Ontario continues march towards streamlining EAs, introducing project list approach

Excavator in the construction of a highway
Ministry officials said a new project list approach would initially include highways, rail, and electricity transmission lines, all of which could be built up to four years faster through a streamlined EA process. Photo Credit: Enrique del Barrio, stock.adobe.com

Ontario leaders have begun to shift the province to a project list approach for environmental assessments as they kick off the spring sitting of the Legislature. 

The project list approach is part of the Conservative government’s upcoming Get It Done Act, which if passed, will mirror aspects of environmental assessments in Quebec and British Columbia that list types of infrastructure projects that would require the highest level of environmental assessment (EA). 

The project list approach is a shift away from the 50-year-old EA focus on project proponents, and a move towards highlighting the nature of the project and its potential risks to the environment, according to an announcement from the Ministry of Environment, Conservation and Parks. 

Ministry officials said a new project list approach would initially include highways, rail, and electricity transmission lines, all of which could be built up to four years faster through a streamlined EA process. 

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Other projects, however, could undergo streamlined EAs as well, as Ontario begins consultations to include municipal water, shoreline and sewage system projects.   

Consultations were held in 2020, 2021 and 2023 on the planned changes to move Ontario’s environmental assessment program to a project list approach.  

“Our government is supporting municipal partners by streamlining and simplifying complex environmental assessment processes to get shovels in the ground and finish major projects faster,” announced Ontario Minister of the Environment, Conservation and Parks, Andrea Khanjin. “We’re doing so while protecting strong environmental oversight and ensuring meaningful consultations before projects can move forward.”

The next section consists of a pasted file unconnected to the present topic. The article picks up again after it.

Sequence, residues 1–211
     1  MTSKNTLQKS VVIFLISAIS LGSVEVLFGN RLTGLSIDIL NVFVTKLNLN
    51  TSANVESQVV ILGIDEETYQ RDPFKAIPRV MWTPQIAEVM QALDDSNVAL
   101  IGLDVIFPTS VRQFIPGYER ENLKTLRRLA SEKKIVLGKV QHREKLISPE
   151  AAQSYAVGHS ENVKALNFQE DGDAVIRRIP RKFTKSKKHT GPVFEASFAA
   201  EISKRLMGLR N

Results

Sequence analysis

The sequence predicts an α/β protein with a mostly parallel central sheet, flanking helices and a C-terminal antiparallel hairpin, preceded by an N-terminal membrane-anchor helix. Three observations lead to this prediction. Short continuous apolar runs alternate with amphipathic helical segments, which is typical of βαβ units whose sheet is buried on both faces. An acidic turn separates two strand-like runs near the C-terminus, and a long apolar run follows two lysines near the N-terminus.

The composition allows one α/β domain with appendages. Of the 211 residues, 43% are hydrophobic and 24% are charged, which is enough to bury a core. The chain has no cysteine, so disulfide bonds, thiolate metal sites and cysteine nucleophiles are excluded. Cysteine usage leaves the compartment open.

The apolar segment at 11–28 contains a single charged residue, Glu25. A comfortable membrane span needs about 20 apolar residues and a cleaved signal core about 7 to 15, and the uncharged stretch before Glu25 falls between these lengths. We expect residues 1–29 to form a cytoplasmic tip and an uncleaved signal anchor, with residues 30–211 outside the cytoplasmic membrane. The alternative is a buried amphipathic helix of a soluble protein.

In an announcement about streamlining Ontario’s environmental assessment process, officials illustrate the example of the comprehensive EA process for the East-West Tie Transmission Project that runs from Wawa to Lakehead in northern Ontario. What took five years to assess under the former process, could be completed within two years under a streamlined process, officials estimated.  

The ministry also noted that expropriation may soon be one of the ways that property can be acquired for a project before the EA process is completed. It is a point that comes as the Conservative government looks to invest nearly $98 billion over the next 10 years to expand public transit and build new roadways such as Highway 413 and the Bradford Bypass. 

When it comes to creating a streamlined EA process for certain municipal water projects, provincial officials said it could accelerate project planning by limiting the process to six months instead of 18 months or longer. 

“These time changes could be achieved by providing a regulated timeline, whereas under the current process there is no time limit,” the ministry announced.  

Approving a new large wastewater treatment plant, for instance, could be completed in just six months as opposed to the municipal class EA process that can currently take up to two years or more.  

Steven Crombie, director of government and public relations for the Ontario Sewer and Watermain Construction Association, said that modernizing EAs for municipal infrastructure will help reduce the duplication of approvals necessary for the installation of low-risk infrastructure that is a required part of new housing developments. 

“Streamlining this approvals process will save time and resources for individuals, businesses, and government agencies without compromising any environmental outcomes,” Crombie said in a statement. “By simplifying regulations and reducing administrative burdens, Ontario is making it easier for businesses to operate and invest in growth.” 

Preliminary consultation on evaluating Environmental Assessment Act requirements for municipal infrastructure projects was completed in spring 2023. 

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